Regulating AI will take ambition and global cooperation



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Kalliopi Spyridaki is Chief Privacy Strategist at SAS. She joined SAS in 2007. In her role today, Kalliopi focuses on public policy and legal compliance in Europe and Asia Pacific.
 
Kalliopi works with regulators and policymakers to help shape laws and government policies that impact SAS and its customers related to privacy, artificial intelligence and the wide spectrum of data governance. She also assists with SAS’s privacy compliance program, focusing particularly in the Asia Pacific region. She feels the most intriguing part of her work is striving to bridge the gaps between the making of a law, its implementation and the rapid pace of technology evolution with its transformative power for business and our society.
 
Kalliopi has lived and worked in Brussels since 2002. Before joining SAS, she worked on data protection law, competition law and various aspects of consumer law. Her work experience includes positions in European and Greek law firms, an industry trade association, a public affairs consulting firm, the European Commission and the Greek Ministry of Foreign Affairs.

SAS Chief Privacy Strategist Europe and Asia-Pacific, Kalliopi Spyridaki, writes that to effectively regulate artificial intelligence, countries need to start small, think big and work together.

Societal values and norms should filter through all aspects of our lives. That’s why it is important that regulation keeps up with the development of technology and data use.

The recent pandemic has demonstrated both the benefits and risks of ubiquitous technologies. The pandemic has accelerated and intensified the AI regulatory debate, introducing new considerations related to commercial versus government control of data as well as the invasiveness and potential misuse of powerful technology. The debate also takes in issues of global competitiveness, national security and digital sovereignty and this is driving the start of a race between governments worldwide to regulate AI.

The global picture today

AI’s autonomy combined often with its opacity and complexity arguably increase the risks it presents and raises regulatory concerns. Europe, Japan and Canada are like-minded thought leaders in this space. These countries have recently adopted AI ethics principles and have started regulating specific aspects of AI such as algorithmic ranking and AI decision-making.

Australia recently joined a wider club of countries in this arena, the Global Partnership on Artificial Intelligence (GPAI). GPAI’s secretariat is hosted by the Organisation for Economic Cooperation and Development (OECD), which has produced important work on AI principles with the consensus of major economies globally.

The first horizontal law with mandatory rules for AI development and use is expected to be proposed in Europe at the end of 2020. The European Union is reflecting on whether to act big or small this time against the background of the global success of the General Data Protection Regulation (GDPR) that created an ongoing spiral effect of privacy laws in every corner of the world. It will be interesting to observe the approach that China and the US will eventually take on AI policy.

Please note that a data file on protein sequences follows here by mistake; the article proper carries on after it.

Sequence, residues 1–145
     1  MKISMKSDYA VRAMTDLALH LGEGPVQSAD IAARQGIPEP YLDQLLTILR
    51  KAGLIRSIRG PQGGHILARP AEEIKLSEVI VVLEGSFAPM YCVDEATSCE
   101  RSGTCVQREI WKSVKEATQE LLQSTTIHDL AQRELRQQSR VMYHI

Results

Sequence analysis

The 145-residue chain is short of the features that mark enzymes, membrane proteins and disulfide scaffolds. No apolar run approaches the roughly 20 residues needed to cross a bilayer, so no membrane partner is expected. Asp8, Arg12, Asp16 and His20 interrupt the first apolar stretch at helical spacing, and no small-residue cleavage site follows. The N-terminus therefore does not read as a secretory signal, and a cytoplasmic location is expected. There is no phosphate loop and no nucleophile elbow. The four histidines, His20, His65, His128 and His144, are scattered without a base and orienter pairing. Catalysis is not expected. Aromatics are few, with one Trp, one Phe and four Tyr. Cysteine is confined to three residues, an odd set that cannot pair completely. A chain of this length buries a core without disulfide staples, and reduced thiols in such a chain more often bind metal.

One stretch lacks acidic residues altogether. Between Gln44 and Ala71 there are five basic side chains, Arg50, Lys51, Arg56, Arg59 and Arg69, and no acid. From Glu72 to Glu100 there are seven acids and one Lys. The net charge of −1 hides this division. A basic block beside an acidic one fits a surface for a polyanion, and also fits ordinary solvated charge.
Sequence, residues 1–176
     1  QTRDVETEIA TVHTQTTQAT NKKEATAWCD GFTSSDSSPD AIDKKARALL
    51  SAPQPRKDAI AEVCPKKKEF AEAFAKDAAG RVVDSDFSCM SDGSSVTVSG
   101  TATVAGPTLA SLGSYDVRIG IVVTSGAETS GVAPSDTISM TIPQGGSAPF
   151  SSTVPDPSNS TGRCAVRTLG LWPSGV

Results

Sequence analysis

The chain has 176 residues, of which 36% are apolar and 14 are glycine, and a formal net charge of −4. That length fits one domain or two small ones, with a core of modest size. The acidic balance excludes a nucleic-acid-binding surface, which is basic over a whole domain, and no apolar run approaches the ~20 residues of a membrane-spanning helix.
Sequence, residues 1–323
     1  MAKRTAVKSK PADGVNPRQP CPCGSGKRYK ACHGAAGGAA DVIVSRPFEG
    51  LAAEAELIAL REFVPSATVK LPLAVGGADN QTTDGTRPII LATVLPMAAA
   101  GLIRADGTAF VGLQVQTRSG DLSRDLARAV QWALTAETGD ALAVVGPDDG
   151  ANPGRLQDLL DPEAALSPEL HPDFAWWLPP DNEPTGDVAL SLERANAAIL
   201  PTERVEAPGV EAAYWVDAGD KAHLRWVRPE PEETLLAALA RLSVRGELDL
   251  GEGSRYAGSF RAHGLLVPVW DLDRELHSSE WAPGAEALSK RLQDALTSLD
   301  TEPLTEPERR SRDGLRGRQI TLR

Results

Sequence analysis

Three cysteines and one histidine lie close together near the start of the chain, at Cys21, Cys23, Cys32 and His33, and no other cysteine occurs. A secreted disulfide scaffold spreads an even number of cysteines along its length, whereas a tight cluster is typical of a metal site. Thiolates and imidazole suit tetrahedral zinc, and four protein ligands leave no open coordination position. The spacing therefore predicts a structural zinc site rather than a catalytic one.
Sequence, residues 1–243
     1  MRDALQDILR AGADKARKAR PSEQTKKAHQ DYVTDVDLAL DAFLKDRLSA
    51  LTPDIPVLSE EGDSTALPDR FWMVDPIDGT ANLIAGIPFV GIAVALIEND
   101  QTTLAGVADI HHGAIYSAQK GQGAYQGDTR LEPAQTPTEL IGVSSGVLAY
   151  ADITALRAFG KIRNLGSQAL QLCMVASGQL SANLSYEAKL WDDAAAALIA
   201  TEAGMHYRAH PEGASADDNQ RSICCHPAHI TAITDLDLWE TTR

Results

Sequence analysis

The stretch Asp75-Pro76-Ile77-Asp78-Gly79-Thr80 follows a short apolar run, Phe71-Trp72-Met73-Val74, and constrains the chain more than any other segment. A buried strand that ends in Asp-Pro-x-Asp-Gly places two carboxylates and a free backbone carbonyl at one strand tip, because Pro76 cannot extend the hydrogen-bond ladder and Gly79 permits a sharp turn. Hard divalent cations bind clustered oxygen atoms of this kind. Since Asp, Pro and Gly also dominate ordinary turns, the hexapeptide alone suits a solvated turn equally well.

The possibility of a common global approach is challenged by diversity in culture and societal values. However, remarkably, all AI principles frameworks today have at least two characteristics in common. Firstly, they call for human-centric AI aiming to protect human dignity, safety and autonomy. Secondly, they pursue AI uptake by promoting trust through principles of transparency, fairness, explicability and accountability.

How should governments navigate this potential turning point in history and how can regulation protect societal values and address the risks while enabling further technology innovations and the transformative potential of AI to better our world?
 

Think big: A Charter of AI ethics

We need an AI ethics code to guide the design and implementation of AI – a Charter of AI ethics that safeguards human rights and societal values that can be global and future-proof. The Charter of Fundamental Rights of the European Union or UNESCO’s Universal Declaration on Bioethics and Human Rights can inspire this endeavour.
 

Start small: Targeted AI regulation

A one-size-fits-all regulatory approach is not appropriate for AI given the breadth and range of AI technologies. Many AI applications today are trivial and need not be disrupted with prescriptive regulation.
 

Risk-based rules

The type and level of risk that specific AI uses pose to individuals’ safety, well-being, rights and freedoms is a useful starting point. For instance, AI rules may need to focus specifically on liability for the use of autonomous cars; or physical harm related to the use of diagnostic tools in healthcare; or discrimination in the context of law enforcement; or privacy protections for AI uses in smart homes; or algorithmic price-fixing and collusion in an antitrust context.  
 

Actionable and enforceable rules

AI regulation should aim to guide organisations on how to operationalise AI ethics principles towards ensuring accountable AI. In practice, this means flexible, principles-based rules on AI models and AI systems governance as well as data quality.
 

Work together: Avoid the regulatory race

People, planet and the economy will benefit more from AI in the long run if governments do not pursue a regulatory race. Despite the natural barriers to cross-cultural cooperation and the inherent competition between countries, the nature and transformative potential of AI require global regulatory cooperation.


Click here for more information on deploying AI responsibly.

 


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